Dudek (a Romany nickname) works as a driver; he despairs at the way a minority of Romanian Roma beggars are held up as representative of all his people. “I don’t approve of their behaviour,” he says. “I feel ashamed of them.”
At the moment, Gypsy Stars are just one of several Polish Roma bands who play largely at eastern European gatherings across Britain. Dudek is keen to get the band before a broad British public. “I want people to see the positive side of our culture and, with Gypsy Stars, we offer that.”
The band’s manager is Phillip Minns, a music-technology lecturer who, enthused by the eastern European music he began hearing, often from proud buskers, set up Best Foot Music, a not-for-profit organisation that promotes émigré sounds — so it looks as if Dudek’s dream may come true.
“I did my first recordings in 2009, after I got fed up with the negative headlines, and I bumped into Marysia Nowinska, a Brighton-based Polish singer who performs a mix of cabaret, poetry, dance and folk,” Minns says. “Since then I’ve come across many amazing musicians.
“It’s interesting seeing what is happening across the UK — along the Thames estuary, there are lots of Roma communities, while Bognor Regis is home to a big Polish rap scene.” We chuckle at the thought of Bognor Regis rappers, before recalling that the pop star Rita Ora arrived here as a Kosovar refugee. “There’s a lot of creativity,” Minns adds, “but many musicians work two jobs — the women are often cleaners, so they rise early — which makes organising gigs difficult.”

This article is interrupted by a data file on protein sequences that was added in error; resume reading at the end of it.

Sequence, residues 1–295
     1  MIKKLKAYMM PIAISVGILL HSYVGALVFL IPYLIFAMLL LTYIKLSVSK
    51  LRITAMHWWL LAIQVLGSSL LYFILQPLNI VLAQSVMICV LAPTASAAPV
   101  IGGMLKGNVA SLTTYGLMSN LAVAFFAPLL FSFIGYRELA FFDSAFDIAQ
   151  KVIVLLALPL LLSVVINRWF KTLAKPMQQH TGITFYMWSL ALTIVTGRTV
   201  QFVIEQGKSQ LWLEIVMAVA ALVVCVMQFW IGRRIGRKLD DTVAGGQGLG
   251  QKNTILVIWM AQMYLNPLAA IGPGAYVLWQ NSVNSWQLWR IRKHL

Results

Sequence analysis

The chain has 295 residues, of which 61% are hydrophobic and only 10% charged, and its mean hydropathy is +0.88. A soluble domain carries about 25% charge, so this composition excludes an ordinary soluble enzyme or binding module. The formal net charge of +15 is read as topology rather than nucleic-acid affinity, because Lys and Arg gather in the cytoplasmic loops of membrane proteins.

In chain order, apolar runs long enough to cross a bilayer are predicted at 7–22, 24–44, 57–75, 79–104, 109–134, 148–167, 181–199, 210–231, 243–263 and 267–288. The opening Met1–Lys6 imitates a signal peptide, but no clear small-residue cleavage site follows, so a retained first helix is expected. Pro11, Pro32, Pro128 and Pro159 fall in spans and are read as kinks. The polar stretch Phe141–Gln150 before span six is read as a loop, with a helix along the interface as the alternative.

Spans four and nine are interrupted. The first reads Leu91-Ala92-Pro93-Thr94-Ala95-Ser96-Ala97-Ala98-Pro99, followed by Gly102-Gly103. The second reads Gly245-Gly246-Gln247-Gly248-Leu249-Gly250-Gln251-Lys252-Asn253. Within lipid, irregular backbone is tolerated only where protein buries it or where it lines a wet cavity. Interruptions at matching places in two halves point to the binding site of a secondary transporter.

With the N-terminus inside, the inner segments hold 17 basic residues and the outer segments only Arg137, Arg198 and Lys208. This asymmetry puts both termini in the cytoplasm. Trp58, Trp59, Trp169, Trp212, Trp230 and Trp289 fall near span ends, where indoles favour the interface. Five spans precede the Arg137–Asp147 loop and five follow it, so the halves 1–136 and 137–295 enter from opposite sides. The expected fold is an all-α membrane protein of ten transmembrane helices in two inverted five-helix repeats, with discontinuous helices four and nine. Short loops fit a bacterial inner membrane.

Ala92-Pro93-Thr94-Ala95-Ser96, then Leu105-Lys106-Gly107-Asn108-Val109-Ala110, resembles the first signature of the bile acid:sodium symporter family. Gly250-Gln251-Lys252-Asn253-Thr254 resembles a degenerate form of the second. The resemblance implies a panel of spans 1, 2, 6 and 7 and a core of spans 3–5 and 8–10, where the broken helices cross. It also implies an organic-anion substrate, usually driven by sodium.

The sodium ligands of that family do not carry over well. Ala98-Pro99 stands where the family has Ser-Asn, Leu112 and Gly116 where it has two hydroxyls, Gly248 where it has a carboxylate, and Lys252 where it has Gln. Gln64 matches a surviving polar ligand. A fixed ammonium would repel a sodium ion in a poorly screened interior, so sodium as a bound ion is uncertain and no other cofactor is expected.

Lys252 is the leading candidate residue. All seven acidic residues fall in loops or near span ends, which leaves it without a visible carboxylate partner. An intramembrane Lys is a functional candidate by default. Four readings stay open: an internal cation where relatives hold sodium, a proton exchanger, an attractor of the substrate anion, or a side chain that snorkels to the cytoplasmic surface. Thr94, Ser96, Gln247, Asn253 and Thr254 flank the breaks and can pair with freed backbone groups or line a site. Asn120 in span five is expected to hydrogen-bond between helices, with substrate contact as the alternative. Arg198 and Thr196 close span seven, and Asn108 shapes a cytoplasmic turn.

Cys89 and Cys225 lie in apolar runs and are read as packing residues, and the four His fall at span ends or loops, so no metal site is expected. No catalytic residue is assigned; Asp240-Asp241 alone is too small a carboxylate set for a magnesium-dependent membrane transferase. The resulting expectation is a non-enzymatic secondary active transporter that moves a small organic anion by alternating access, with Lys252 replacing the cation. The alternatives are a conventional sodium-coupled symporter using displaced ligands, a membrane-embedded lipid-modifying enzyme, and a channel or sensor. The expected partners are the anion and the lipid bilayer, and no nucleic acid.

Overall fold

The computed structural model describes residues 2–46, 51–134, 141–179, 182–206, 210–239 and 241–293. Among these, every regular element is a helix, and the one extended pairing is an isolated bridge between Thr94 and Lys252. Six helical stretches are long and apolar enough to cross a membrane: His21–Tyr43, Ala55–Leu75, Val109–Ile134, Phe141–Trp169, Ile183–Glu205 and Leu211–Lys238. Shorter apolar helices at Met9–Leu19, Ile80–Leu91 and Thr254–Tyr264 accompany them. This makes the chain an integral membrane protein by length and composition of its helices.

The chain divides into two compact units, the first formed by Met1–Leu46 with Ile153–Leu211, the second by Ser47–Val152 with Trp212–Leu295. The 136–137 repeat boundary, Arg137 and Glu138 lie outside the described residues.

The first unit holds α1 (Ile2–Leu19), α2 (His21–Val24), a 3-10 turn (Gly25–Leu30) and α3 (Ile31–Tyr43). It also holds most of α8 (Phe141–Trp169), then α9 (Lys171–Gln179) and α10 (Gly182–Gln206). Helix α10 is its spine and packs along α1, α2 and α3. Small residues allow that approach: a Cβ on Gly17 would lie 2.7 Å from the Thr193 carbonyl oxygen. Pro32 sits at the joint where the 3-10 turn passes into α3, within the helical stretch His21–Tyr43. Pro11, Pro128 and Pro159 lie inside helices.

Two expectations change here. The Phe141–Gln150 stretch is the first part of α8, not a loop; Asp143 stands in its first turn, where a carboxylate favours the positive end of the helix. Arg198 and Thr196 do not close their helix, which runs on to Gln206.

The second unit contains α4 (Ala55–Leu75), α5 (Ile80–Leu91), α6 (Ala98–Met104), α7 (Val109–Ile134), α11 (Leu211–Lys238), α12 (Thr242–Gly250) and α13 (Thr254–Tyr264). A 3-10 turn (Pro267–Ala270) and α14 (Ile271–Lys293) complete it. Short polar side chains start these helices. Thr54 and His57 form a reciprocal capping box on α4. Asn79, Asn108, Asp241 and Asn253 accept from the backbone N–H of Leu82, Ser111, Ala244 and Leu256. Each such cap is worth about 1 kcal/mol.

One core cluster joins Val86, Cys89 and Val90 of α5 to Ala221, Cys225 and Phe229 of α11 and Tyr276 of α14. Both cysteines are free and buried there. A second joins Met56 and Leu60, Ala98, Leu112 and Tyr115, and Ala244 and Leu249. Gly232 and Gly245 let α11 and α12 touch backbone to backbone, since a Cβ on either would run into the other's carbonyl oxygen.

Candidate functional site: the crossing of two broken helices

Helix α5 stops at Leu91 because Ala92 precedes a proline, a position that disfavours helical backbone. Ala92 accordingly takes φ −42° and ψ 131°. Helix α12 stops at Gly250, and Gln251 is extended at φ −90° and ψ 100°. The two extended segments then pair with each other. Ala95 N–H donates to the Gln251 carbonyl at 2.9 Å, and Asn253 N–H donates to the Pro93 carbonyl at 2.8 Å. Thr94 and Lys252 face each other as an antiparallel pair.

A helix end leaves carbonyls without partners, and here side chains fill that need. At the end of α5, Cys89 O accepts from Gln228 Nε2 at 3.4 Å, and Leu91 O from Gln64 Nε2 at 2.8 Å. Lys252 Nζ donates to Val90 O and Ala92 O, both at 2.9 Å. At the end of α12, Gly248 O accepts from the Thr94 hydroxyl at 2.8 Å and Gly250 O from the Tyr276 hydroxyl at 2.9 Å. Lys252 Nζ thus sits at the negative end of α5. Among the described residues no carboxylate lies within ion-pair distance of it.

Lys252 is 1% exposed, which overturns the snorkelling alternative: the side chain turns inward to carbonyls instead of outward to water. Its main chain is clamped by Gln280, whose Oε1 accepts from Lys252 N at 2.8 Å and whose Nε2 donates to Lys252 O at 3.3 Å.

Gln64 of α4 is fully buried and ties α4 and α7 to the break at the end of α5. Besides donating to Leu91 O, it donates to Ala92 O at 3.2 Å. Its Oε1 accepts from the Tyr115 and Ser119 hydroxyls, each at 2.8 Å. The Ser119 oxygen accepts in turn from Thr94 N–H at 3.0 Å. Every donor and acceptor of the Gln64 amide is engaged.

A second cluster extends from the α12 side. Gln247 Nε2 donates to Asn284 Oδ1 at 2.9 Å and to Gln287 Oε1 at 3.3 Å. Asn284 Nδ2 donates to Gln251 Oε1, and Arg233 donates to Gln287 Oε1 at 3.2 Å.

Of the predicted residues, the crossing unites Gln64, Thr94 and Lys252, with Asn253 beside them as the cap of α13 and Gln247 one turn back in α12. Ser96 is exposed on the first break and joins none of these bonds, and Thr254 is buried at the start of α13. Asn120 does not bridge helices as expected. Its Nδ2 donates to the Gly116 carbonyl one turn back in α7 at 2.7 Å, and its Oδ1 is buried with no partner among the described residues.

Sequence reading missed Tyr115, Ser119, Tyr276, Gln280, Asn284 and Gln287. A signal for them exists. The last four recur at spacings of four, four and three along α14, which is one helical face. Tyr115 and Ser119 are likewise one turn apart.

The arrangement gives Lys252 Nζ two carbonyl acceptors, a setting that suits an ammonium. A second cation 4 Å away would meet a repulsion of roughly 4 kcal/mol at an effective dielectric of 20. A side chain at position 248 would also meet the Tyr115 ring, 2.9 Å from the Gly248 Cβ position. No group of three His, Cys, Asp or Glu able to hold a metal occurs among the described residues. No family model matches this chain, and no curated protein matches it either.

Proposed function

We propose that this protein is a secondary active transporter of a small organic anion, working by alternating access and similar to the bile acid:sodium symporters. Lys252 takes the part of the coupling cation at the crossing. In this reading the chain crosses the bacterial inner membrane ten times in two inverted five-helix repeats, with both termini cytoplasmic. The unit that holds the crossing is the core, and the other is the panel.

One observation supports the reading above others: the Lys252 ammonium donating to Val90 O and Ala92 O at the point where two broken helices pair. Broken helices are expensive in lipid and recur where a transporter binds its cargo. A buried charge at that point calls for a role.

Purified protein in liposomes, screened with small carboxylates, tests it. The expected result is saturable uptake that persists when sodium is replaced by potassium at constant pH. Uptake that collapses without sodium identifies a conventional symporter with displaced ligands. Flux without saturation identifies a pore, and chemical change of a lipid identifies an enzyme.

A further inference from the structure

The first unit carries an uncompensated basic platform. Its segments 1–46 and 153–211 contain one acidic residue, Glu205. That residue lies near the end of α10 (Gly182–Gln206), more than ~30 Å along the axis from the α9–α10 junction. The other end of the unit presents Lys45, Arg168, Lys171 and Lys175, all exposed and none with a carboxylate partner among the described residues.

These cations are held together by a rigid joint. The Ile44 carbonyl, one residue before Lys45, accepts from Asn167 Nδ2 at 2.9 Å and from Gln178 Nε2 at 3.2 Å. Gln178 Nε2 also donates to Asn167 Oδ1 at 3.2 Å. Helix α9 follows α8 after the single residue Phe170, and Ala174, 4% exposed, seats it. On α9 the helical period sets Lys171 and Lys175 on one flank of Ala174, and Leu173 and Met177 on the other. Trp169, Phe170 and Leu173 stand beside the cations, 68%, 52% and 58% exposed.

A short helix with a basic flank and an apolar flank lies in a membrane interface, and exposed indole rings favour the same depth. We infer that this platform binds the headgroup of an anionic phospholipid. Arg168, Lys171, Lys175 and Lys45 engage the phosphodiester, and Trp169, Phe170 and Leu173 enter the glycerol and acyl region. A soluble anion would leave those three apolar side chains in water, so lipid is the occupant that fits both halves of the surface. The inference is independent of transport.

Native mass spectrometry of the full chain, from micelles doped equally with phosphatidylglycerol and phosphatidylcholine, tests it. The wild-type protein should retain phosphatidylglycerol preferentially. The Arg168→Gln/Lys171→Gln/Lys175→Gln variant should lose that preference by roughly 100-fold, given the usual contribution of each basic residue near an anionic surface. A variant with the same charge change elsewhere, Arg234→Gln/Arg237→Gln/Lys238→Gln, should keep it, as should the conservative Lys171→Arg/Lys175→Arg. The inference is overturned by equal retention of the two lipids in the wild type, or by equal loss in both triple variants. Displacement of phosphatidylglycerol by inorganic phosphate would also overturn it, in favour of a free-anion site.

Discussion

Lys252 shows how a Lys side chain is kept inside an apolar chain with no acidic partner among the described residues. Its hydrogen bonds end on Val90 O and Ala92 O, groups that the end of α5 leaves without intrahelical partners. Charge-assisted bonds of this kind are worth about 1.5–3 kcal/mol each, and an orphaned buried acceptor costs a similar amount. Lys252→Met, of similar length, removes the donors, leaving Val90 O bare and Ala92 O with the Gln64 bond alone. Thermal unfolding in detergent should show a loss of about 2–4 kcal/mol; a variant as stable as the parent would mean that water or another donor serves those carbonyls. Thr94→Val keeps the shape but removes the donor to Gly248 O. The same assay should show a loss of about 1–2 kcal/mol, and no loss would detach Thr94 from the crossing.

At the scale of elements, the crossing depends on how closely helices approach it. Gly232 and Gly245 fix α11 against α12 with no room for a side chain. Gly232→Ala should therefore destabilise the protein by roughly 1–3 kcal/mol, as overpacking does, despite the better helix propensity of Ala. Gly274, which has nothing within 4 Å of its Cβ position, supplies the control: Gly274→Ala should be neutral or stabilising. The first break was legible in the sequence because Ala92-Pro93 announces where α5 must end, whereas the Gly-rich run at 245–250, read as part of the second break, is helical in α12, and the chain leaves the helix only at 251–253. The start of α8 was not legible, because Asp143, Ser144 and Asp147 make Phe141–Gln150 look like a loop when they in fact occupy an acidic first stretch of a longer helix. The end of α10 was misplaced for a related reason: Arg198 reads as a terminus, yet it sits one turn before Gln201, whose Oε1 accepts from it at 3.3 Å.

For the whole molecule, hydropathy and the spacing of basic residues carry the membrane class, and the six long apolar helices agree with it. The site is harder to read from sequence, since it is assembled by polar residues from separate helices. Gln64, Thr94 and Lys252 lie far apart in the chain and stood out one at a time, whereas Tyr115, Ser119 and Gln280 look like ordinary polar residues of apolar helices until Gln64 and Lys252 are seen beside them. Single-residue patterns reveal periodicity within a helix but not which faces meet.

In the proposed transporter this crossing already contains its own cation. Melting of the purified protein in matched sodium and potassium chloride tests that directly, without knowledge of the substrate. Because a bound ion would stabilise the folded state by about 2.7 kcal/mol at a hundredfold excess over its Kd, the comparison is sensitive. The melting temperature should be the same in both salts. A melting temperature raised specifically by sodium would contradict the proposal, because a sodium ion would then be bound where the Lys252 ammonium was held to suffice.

Romanian migrants have been lashed with clichés about vampires, beggars and ATM fraudsters. Yet two London-based Romanian musicians front brilliant bands: the violinist Bogdan Vacarescu leads the folk fusion unit Paprika, who have played everywhere from the Sydney Opera House to Glastonbury, while Monooka’s Caravan are an elegantly offbeat combo fronted by Monica Madas. “I’m from Transylvania,” Madas says with a wry smile, “so I’m used to people having funny ideas about me.”
She came to the UK in 2007, “one month after Romania entered the EU”, and initially worked as a care assistant for a disabled man. A singer, actress and puppeteer, she formed Monooka’s Caravan in 2010 to “play the folk music of my childhood”. Thus, the band convey a spectral Transylvanian beauty.
“Both British and Romanian people love the music we make,” Madas says. “They tell me that it touches them, even if they do not speak the language.”
Like everyone else I spoke to, Madas is cautiously optimistic about relations between eastern European émigrés and the British. “I’m a bit scared,” she says. “I’ve seen xenophobic posts on Facebook, and I’m aware that it’s a hot political topic. But the British cities are cosmopolitan — I think we can all get along.”
She pauses. “Our music is so beautiful, I think you might end up liking having us here.”
Visit bestfootmusic.net to hear and download music by eastern European émigrés